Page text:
A DAY after the stampede on the staircase of the foot overbridge connecting two railway stations – Elphinstone Road on the Western Railway (WR) and Parel on the Central Railway (CR) – that has taken the lives of 23 people, there are many who say that they had flagged off the risks while suggesting measures to prevent a potential tragedy. Following an inspection in April this year by a member of the passenger amenities committee (PAC) appointed by the Railway Ministry, which inspects the requirements and state of passenger amenities at railway stations, warnings relating to the bridge at Elphinstone had been issued, according to Dr Ashok Tripathi, Excerpts from the interview:
When was this inspection conducted and what factors were taken into account?
In our monthly inspection of passenger amenities and provisions at Indian railway stations, we check the nature of works carried by junior and senior officials. Our aim remains to obtain a first-hand account of the provisions available for regular commuters and suggest changes or need for more facilities at the station. We had inspected Elphinstone Road station along with two others in Mumbai on the same day.
What was your observation about that particular bridge inspected that day?
Minutes after my team and I walked on the bridge at the station, the shoddy nature of the work was reflected. They were changing the plates of the steps of the particular staircase which witnessed the incident. Some work on finishing the hand-rest work at the FOB was also going on. The Parel-end staircase was found to be in a worse condition. I recall giving a piece of my mind to all senior railway officials who were present there. I scolded them for the way in which work was being carried out, in the way in which some steps were getting covered, while some were not. As the inspection was carried out during the morning peak hour, I was taken aback at the volume of peak hour rush and the number of people using the single FOB to switch between the two lines. I warned of the need for an alternative bridge at the earliest at the spot before a disaster takes place.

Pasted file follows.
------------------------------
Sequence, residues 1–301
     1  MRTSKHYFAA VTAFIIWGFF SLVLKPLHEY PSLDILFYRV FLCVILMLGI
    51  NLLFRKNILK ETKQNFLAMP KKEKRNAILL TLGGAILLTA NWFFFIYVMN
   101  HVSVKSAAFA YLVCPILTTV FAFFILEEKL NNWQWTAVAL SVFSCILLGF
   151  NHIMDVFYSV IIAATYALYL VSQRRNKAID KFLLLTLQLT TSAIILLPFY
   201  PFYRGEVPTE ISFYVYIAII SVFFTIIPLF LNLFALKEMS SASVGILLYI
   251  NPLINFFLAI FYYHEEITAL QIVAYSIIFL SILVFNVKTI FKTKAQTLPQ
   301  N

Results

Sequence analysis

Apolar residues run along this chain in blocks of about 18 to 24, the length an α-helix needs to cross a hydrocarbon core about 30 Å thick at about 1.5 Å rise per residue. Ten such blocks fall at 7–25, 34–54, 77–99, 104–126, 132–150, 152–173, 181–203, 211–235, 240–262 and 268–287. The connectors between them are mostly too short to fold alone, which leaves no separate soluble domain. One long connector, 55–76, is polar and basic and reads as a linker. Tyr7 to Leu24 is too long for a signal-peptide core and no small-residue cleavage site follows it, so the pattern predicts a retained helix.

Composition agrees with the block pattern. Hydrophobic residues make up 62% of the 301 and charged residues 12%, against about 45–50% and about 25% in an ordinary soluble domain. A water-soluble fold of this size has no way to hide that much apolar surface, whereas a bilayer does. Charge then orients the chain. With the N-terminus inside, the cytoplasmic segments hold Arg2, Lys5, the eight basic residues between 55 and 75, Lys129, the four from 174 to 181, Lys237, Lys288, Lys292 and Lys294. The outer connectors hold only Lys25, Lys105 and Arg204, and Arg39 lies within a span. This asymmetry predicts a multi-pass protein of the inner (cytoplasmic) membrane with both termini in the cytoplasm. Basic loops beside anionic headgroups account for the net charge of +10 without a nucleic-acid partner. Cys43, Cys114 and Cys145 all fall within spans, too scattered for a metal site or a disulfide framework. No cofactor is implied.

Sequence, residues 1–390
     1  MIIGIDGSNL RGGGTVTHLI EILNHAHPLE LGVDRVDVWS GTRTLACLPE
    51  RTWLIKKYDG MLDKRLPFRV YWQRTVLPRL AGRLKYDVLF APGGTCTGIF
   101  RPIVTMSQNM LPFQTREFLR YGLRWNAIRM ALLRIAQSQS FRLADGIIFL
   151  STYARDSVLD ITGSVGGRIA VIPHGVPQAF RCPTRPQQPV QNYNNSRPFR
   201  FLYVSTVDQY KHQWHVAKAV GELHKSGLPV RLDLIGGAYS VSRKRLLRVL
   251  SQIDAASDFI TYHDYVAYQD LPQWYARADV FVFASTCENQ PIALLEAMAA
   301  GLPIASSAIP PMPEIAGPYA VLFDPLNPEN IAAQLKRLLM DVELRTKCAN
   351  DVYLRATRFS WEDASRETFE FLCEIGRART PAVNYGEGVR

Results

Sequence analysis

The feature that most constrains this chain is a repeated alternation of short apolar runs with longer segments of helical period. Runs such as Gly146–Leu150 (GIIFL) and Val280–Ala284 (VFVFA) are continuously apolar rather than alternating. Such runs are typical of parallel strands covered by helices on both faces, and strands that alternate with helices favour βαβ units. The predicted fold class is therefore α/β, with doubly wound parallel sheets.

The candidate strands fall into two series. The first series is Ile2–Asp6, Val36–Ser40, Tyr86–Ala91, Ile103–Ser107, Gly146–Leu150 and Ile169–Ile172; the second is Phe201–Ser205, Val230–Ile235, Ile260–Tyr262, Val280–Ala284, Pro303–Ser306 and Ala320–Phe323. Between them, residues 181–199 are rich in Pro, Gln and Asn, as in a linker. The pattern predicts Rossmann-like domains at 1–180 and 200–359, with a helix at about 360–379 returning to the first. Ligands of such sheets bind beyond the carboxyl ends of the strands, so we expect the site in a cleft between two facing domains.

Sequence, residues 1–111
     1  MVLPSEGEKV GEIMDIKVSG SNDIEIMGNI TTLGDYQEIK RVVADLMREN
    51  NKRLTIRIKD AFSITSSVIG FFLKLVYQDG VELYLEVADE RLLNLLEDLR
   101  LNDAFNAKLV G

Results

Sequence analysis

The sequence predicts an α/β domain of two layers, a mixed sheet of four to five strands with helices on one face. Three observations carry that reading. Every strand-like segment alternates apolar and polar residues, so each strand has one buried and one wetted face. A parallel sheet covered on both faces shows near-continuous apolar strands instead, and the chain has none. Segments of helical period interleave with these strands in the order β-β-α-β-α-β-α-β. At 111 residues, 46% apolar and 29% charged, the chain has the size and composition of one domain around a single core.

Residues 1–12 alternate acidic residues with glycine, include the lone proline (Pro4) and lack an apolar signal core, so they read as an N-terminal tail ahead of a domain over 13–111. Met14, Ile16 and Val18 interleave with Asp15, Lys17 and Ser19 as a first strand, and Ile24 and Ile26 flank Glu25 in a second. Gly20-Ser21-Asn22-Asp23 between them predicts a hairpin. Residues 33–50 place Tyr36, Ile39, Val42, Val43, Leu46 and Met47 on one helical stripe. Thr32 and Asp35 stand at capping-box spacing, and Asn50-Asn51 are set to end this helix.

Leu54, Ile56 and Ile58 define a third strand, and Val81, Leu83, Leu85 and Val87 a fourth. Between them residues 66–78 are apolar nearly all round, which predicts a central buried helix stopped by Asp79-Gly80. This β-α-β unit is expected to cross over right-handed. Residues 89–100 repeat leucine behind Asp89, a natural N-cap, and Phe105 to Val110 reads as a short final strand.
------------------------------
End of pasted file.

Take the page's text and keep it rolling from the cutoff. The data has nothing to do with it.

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What suggestions, do you remember, giving to senior railway officials of both CR and WR?
We had clearly instructed that they complete two things on priority on the bridge: First, we asked them to widen the staircase for the smooth movement of commuters. The second suggestion was to build a divider at the earliest between the bridge so that upward and downward movement of the commuters could be segregated.
What action was taken after the inspection?
We are required to submit our observation to the Chairman of the PAC upon our return to New Delhi. A meeting was called with the Railway Board and the then Union Railway Minister, Suresh Prabhu, to discuss our observations. I had specifically recommended corrective action not only to the Board about the need of the bridge at the earliest but also to the Divisional Railway Manager of the WR before we left.
What is the state of the remaining rail bridges on the Railway network?
There exist many foot overbridges and rail overbridges across Indian Railways where commuters and passengers fear risk to their lives while using such bridges. The particular FOB in Old Faridabad station in Haryana shakes whenever a train passes by and another disaster like this is waiting to happen there. In Mumbai, foot overbridges at stations including Jogeshwari, Virar, Vasai on the WR and Diva, Kurla, Parel, Currey Road, Chichpokali and Masjid on the CR were found to be in poor condition during our visits.